Advice on Selling a Miami Note

1 Reply | Miami, Florida

I usually work on rehabs/flips and do not know much about note investing. I have a note on a Miami penthouse that I want to sell it, but don’t know where to begin looking for a buyer. Advice is greatly appreciated!

@Daniel A. Abreu Notes are evaluated and graded in four areas. These areas are property equity, seasoning, the payor's credit history, and the payment history. If a person is looking to create a note that investors that purchase these types of investment vehicles would look favorable upon, the following guideline are suggested.

Investors look for at least 20-30% of real equity (down payment plus principle reduction) in a property. This minimum level of equity serves to help protect their investment. The 20-30% of real equity (down payment plus principle reduction) in a property is a rudimentary guideline, in the equity area of note evaluation, to reduce the amount a note would be discounted. The majority of Note Buyers will purchase notes with a 10% down payment.

Many Note Buyers will consider the Payor’s credit score closely because it can help predict the note’s potential for foreclosure. Credit scores are indicative of performance with past and current debts, so it makes sense to assume that a Payor who has been responsible in consistently paying back other debts will be a good note Payor as well. With seller-financed deals, most Payors will not have stellar credit, but most buyers still prefer Payor credit scores above 575. However, a higher interest rate may entice an investor to purchase a note with a payor having a weak credit history assuming the other areas that I mentioned above are strong. With that said, the minimum interest rate that note buyers will consider is 8%. Most notes that I have seen have an interest rate of 10-15%. A competitive interest rate is important because it will make it easy for the buyer to purchase the note and yield the desired profit without much of a discount to the Note Holder. ALWAYS CHECK THE STATE USURY LAWS, FOR THE STATE IN WHICH THE NOTE IS CREATED, TO KNOW WHAT THE MAXIMUM INTEREST RATE THAT CAN BE CHARGED.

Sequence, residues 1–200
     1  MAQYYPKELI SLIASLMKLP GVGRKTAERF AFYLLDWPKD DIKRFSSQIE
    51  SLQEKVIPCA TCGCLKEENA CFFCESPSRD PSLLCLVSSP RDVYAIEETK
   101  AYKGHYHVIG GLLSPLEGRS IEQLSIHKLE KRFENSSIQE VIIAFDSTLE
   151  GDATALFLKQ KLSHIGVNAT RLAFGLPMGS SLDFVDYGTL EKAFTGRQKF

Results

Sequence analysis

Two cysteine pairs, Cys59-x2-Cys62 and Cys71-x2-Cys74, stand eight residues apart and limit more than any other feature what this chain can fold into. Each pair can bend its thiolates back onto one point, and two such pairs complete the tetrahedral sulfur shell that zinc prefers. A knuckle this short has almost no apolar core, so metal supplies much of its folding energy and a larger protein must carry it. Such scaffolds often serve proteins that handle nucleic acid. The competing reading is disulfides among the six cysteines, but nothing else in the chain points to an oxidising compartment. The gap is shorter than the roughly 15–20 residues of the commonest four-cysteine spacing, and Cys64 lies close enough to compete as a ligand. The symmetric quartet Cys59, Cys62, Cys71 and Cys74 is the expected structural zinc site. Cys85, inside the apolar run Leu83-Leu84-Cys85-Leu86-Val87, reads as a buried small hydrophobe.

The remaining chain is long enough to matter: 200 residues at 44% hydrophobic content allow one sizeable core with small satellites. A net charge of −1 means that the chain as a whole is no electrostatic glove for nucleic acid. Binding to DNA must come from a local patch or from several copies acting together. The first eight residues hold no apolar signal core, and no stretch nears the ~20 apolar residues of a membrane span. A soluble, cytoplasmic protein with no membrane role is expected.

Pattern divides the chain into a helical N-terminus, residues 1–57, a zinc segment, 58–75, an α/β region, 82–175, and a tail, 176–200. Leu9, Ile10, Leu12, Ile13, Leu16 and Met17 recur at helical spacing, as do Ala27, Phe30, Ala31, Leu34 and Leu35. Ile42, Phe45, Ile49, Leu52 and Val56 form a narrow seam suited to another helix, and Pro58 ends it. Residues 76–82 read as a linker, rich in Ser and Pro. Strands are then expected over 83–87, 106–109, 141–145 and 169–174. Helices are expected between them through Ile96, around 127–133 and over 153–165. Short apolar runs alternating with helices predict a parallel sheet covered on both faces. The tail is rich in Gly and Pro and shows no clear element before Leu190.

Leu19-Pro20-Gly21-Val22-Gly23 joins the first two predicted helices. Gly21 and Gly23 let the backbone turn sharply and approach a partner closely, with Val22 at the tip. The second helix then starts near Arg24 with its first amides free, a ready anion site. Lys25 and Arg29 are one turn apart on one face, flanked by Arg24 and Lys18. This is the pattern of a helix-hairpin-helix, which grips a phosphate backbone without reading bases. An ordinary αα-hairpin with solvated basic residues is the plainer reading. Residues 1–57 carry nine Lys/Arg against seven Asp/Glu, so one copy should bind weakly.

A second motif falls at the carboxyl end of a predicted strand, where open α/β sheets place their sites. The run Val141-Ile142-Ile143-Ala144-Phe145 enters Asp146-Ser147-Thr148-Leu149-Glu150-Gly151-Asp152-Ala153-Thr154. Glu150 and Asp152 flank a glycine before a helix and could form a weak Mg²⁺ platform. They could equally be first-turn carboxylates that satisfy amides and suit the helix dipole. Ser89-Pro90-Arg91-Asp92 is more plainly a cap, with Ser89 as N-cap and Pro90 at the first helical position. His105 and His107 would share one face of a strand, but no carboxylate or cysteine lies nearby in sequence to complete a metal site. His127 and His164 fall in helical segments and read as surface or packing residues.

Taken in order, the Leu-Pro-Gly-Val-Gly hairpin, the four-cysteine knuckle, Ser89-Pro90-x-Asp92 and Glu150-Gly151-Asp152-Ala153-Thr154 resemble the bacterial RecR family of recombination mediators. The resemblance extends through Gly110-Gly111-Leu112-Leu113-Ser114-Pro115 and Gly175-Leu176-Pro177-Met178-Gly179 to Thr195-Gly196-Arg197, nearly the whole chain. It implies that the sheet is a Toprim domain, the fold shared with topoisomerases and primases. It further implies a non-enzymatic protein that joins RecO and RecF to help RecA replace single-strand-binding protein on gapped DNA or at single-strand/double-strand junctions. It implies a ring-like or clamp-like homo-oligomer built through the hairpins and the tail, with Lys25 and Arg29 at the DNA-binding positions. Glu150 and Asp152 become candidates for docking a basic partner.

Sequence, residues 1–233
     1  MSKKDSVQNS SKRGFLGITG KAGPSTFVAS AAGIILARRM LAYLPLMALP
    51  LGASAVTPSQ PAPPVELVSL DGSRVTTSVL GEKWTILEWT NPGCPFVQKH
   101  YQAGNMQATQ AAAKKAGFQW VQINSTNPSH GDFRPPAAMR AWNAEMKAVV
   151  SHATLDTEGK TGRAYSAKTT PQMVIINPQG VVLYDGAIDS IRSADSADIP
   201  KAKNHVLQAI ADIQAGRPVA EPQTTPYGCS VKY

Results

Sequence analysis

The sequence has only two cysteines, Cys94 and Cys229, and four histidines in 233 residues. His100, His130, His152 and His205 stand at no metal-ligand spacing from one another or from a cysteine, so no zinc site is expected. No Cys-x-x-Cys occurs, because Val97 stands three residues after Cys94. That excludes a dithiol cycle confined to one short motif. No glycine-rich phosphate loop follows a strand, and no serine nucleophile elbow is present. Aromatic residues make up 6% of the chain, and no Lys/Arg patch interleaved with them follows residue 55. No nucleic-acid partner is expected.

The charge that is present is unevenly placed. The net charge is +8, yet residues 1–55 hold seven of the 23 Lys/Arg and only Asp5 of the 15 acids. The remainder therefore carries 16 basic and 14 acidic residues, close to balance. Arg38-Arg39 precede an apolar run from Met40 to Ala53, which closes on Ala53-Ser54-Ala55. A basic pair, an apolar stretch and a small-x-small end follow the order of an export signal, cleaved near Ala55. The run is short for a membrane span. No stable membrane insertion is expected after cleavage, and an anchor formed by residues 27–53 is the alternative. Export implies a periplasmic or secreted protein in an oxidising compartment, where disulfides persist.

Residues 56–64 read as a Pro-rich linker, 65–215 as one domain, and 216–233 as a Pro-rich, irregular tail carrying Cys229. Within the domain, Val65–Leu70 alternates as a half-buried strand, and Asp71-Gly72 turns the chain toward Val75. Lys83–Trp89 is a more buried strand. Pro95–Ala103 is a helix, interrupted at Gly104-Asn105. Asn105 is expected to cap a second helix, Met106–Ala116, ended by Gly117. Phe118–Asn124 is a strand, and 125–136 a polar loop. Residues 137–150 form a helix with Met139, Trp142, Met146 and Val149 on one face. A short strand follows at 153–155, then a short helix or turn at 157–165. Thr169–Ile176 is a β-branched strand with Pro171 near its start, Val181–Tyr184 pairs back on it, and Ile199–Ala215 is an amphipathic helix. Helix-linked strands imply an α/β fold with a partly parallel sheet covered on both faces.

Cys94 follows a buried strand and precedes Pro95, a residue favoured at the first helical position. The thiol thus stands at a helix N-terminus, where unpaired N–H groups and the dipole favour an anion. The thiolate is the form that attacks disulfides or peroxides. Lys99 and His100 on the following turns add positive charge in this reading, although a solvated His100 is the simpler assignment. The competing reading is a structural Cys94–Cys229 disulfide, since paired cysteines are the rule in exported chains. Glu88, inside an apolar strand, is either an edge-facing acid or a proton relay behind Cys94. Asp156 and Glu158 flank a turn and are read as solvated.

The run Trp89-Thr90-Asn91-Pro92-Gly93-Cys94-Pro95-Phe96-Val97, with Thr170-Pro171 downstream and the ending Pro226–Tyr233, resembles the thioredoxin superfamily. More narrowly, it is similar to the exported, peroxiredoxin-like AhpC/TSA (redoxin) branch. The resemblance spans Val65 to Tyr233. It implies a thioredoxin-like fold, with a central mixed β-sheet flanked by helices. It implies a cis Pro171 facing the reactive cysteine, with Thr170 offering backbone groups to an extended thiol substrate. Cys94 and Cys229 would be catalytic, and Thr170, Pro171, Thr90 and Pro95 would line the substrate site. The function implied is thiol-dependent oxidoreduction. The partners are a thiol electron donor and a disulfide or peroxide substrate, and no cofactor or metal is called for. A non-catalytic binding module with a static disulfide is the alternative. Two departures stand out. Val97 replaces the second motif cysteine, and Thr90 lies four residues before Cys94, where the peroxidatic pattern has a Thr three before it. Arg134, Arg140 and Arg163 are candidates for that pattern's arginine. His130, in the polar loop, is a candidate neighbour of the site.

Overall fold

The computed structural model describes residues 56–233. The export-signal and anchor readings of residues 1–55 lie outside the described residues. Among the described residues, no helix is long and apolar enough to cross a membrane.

A note’s “seasoning” describes the number of payments that have been made overall. The more payments that have been made, the more money the Payor has invested in the property; therefore, default is less likely. Most Note Buyers look for 12 or more completed payments, but exceptions are made for notes with a large amount of equity or a Payor with a high credit score. I have sold notes with as little of 6 months of seasoning. In such cases, all payments were made on time during this six (6) month period.

Please keep in mind that people typically prefer notes that follow a traditional term (amortized over 120 months, 180 months, 240 months, etc). A two-year, interest-only balloon term is a perfect example of a note that many buyers would avoid. But remember, all notes are good notes at the right price.

The note payment history takes any late payments into consideration. Understandably, most buyers prefer a consistent on-time payment history. Perfection isn’t required or expected – one isolated occurrence of a missed payment a few years ago won’t necessarily dissuade a potential Note Buyer. Sufficient equity also serves to counterbalance a history of occasional slow payment.

Of course, there are no absolute guarantees of a quick sale. But it is always easier to obtain an attractive offer for the Note Holder when the note is written with the buyers’ needs in mind. Please keep in mind, that structuring a note with the intention to sell is all well and good, but if the payor cannot afford the monthly payments, then you may face the possibility of having to foreclose. Therefore, you may need to find a balance between the two. The points described here are only a rudimentary starting point for note creation; buyers often examine many other factors.

I hope the above information useful. If I may be of further assistance, please feel free to reach out.